Turnigy Graphene Batteries

Could this be the next gen battery tech we've been waiting for?

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Turnigy Announces Graphene Batteries

New battery tech is long overdue. Lipos have been king for far too long and we've all dreamed of faster charging, higher energy density power cells. Well HobbyKing is first to the R/C market with the new Graphene cell chemistry tech that aims to deliver just that.

The use of graphene allows battery manufacturers to create packs that can put out more energy at a lower temperature than standard lipos. The internal resistance is much lower and the packs will maintain a higher voltage under load than regular lipos. They are fast charge capable at up to 10C depending on the battery. No word is given on chargers so we're assuming that standard lipo chargers will do that job since the per cell voltage remains the same. They are also claiming 600+ cycle life so if that holds true, these batteries should last much longer than we are used to. This is very exciting to finally see some improvements in battery tech. You can see the full line of Turnigy Graphene batteries at HobbyKing.

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Feb 03, 2016, 11:13 AM
www.gunnphotoservices.com
Matt Gunn's Avatar
Very interesting indeed! Im going to have to invest in a few and see for myself.


Here's an article on graphene battery technology. I'm assuming it's the same technology and chemistry as the HK batteries...

http://www.graphene-info.com/graphene-batteries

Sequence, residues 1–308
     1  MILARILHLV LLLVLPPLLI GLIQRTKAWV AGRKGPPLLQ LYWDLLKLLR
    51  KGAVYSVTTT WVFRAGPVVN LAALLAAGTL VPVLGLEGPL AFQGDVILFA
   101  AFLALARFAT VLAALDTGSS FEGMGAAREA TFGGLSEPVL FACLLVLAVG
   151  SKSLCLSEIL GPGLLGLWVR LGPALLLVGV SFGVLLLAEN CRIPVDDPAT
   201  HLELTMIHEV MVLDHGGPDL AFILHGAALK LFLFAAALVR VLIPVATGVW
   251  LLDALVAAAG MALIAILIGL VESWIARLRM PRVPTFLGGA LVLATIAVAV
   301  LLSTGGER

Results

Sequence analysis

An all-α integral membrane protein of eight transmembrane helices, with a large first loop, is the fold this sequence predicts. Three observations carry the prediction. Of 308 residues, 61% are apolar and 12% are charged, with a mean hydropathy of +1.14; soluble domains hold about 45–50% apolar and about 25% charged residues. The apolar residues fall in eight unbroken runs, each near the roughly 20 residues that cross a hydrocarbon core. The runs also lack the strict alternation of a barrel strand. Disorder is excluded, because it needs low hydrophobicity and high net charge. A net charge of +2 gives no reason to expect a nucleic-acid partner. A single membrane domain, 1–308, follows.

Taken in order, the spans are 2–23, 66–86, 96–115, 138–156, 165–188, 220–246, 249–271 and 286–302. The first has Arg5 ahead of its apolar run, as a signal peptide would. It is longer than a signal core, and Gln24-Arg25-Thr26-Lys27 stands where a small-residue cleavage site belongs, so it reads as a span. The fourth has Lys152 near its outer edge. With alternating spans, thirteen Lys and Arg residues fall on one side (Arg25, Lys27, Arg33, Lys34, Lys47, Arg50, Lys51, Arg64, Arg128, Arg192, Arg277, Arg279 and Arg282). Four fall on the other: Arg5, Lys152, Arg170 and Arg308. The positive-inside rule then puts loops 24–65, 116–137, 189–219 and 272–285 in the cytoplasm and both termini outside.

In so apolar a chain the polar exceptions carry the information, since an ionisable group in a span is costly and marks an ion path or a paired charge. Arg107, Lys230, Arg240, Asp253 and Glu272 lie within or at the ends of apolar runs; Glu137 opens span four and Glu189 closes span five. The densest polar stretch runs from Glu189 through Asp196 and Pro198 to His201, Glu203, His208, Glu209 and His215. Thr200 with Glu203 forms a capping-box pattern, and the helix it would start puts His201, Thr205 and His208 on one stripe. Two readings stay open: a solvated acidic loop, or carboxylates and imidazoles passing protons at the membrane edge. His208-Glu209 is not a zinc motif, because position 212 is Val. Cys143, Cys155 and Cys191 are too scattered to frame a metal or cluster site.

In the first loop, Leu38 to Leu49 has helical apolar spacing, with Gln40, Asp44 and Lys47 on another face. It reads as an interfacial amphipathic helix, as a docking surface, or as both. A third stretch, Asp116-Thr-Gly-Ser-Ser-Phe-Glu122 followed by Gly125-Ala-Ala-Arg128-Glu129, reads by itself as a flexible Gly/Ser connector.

Latest blog entry: www.gunnphotoservices.com
Feb 03, 2016, 12:33 PM
Registered User
What is not clear is if these batteries still use any Lithium content - Lipo, Li-Ion, LFP.

What charger would be used? . . .
Feb 03, 2016, 01:02 PM
AMA: L68621, FCC: WA2LLX

Still Li-Ion


Quote:
Originally Posted by 34_South
What is not clear is if these batteries still use any Lithium content - Lipo, Li-Ion, LFP.

What charger would be used? . . .
According to the above mentioned site these are still Li-ion batteries but they are "enhanced" by the graphene process. Time will tell.

Matt: please let us know how these work out for you.

John
Last edited by nadt770; Feb 03, 2016 at 01:11 PM.
Feb 03, 2016, 01:13 PM
www.gunnphotoservices.com
Matt Gunn's Avatar
I will note that they are definitely heavier than conventional LiPo packs.
My 4s 5000mAh Turnigy nano-tech 65-130c pack weighs 576 grams all up.
The Graphene 4s 5000mah 65c pack weighs an advertised 612g.

Not a big deal, but worth noting for weight and balance critical aircraft.
Latest blog entry: www.gunnphotoservices.com
Feb 03, 2016, 01:31 PM
Master Prop Breaker
Sounds like marketing to me.
Feb 03, 2016, 01:37 PM
Hittin Gaps With D Gains
SteelRainSpo's Avatar
Quote:
Originally Posted by Matt Gunn
I will note that they are definitely heavier than conventional LiPo packs.
My 4s 5000mAh Turnigy nano-tech 65-130c pack weighs 576 grams all up.
The Graphene 4s 5000mah 65c pack weighs an advertised 612g.

Not a big deal, but worth noting for weight and balance critical aircraft.
I'm not saying that the weight you are quoting isn't true, but if you pulled those figures from the HobbyKing website, it's hit and miss on their accuracy, and I've noticed in my experience that HK's numbers are notoriously wrong by inflated gram weights.
Feb 03, 2016, 02:30 PM
Registered User

other link


see here:
https://www.rcgroups.com/forums/show....php?t=2592234
Feb 03, 2016, 02:41 PM
Registered User
Quote:
Originally Posted by chrisbarth
Sounds like marketing to me.